A Teenaged Boy, a Climbing Wall, and the Power of Accessibility

Alan is a student at Chicopee Comprehensive High School. He likes to read and enjoys playing video games. In April he turns 16. That’s a hard age by itself – and harder still when a teen is disabled.

“Alan is legally blind, has Cerebral Palsy and has mild autism,” his mother Sharon explains. “He has all these issues and his twin brother Geoffrey has none. It’s not an easy life for Alan and his combination of disabilities can make him reluctant to participate in social activities.”

Sharon is always looking for new ways to get Alan involved. Last summer she learned about Adaptive Martial Arts offered by CHD Disability Resources. “Alan is loving and communicative, but there have been few activities he likes involving socializing beyond his family group. I have to push it with him, but with CHD it’s easier because the programs are designed for people with disabilities, and so accessible.”

Since Alan’s vision is 20/400, he can only see things right up close. That makes it hard for him to feel comfortable in a big new place where he can’t see what’s going on around him. It’s also an issue of safety. Having trained staff and the right approach was important for Sharon. “Alan did well with martial arts,” she says. “He went several times and it was a good experience for him.”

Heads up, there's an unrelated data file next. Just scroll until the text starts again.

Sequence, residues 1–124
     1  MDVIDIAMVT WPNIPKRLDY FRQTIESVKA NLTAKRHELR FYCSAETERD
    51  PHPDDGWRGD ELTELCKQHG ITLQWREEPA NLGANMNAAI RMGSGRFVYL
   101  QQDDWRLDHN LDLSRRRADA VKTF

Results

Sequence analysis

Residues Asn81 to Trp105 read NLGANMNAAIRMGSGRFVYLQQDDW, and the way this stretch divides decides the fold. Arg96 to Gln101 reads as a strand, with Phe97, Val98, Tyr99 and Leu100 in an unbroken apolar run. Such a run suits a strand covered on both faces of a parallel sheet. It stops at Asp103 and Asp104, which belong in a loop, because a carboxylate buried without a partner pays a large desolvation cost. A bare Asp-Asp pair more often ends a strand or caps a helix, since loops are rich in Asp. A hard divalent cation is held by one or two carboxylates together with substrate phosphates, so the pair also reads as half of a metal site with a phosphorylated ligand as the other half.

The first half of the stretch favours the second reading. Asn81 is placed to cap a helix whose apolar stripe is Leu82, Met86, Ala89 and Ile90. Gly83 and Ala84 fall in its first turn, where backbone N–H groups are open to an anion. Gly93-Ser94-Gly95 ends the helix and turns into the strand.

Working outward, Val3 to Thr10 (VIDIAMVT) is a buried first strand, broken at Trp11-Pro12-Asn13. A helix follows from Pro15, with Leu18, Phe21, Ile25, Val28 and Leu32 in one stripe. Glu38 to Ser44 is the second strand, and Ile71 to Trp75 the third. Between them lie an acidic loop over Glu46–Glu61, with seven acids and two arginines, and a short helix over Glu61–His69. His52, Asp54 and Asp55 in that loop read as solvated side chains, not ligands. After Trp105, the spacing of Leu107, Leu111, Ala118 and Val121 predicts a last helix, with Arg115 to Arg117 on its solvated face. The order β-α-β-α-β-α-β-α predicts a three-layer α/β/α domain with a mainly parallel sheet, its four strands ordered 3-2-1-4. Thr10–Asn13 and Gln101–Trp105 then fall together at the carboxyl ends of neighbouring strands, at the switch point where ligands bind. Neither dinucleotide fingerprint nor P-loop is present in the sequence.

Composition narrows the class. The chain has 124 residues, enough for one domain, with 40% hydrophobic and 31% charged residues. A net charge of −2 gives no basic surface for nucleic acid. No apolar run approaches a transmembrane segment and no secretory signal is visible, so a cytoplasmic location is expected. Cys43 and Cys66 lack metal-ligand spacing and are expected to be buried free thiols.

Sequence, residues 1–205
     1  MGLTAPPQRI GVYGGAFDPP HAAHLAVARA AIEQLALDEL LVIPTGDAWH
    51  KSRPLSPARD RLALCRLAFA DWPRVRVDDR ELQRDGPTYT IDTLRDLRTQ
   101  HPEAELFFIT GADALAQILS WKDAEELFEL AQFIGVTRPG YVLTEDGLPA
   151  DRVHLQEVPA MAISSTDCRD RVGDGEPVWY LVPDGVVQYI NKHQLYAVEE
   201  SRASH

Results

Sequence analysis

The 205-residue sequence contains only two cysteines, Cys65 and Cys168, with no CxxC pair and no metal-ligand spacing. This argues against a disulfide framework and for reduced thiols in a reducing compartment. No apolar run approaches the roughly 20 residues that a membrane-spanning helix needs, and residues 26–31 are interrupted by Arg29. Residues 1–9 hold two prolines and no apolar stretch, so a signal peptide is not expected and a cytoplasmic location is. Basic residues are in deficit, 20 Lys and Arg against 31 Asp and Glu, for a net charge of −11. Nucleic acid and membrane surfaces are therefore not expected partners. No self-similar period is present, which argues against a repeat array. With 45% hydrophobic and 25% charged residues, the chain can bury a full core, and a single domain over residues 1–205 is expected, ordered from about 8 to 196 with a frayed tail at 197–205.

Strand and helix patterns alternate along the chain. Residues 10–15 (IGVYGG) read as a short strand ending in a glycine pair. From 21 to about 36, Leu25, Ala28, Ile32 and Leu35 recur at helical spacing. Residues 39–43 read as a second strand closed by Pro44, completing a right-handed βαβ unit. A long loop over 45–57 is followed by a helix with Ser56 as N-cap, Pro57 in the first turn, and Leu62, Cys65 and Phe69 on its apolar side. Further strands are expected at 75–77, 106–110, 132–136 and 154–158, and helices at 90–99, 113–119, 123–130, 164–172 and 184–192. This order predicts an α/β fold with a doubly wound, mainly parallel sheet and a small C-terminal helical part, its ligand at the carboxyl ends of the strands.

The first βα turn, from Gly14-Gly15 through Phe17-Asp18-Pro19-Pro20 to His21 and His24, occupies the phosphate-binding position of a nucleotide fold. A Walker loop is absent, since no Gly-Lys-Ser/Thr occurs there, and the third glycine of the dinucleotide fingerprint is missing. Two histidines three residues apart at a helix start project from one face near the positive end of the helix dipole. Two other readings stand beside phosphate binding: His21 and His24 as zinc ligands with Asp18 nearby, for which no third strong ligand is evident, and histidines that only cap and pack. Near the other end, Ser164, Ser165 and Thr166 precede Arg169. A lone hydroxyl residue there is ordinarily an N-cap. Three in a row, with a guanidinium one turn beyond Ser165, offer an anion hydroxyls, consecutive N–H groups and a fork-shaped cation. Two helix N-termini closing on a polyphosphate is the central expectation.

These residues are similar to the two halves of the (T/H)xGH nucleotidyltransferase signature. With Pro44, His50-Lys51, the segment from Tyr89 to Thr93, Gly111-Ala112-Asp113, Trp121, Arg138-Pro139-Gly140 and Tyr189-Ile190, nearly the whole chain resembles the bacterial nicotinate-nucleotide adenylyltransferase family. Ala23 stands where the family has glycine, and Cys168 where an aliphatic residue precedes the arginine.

When CHD Disability Resources introduced Adaptive Rock Climbing last fall, Sharon signed up Alan, as well as his brother. “Rock climbing interested Geoff and that encouraged Alan because the two could do something together. At first Alan didn’t want to participate. Anything new is daunting for him and he was reluctant. Eventually Jessica (that’s CHD’s Jessica Levine) got him into the climbing harness. I love the way Jessica worked with Alan. She talked with him about technical aspects of the equipment. He likes that sort of thing and she got him to try a little harder. He took a couple steps up that first time and got three or four feet off the ground. For Alan that was an accomplishment.”

At sessions two and three, Alan did more. “The second time he went half way up the rock wall and stopped because he got tired,” Sharon recalls. “The third time, after a few tries and a lot of encouragement, he went to the top. Someone who doesn’t know Alan may have wondered how happy he was up there, but his happiness was apparent to me later when he mentioned the experience to his aunt. The experience grows in his mind the more he thinks about it.”

Sharon observes that sometimes Alan’s attitude can be his biggest disability. “It’s natural that a person has so little confidence when he has so much to overcome. He needs lots of motivation. Jessica and Ryan (CHD’s Ryan Kincade) really cheer him on and keep him going when he would have given up.”

What would Sharon say to other parents of kids with disabilities about her experience with CHD Disability Resources? “Initially it may seem like your kid isn’t a good fit for the activities, but try it anyway. They make it so accessible. The confidence imparted is so good that even the smallest amount of participation is great. And with Alan, the more he participates the more he wants to participate.”

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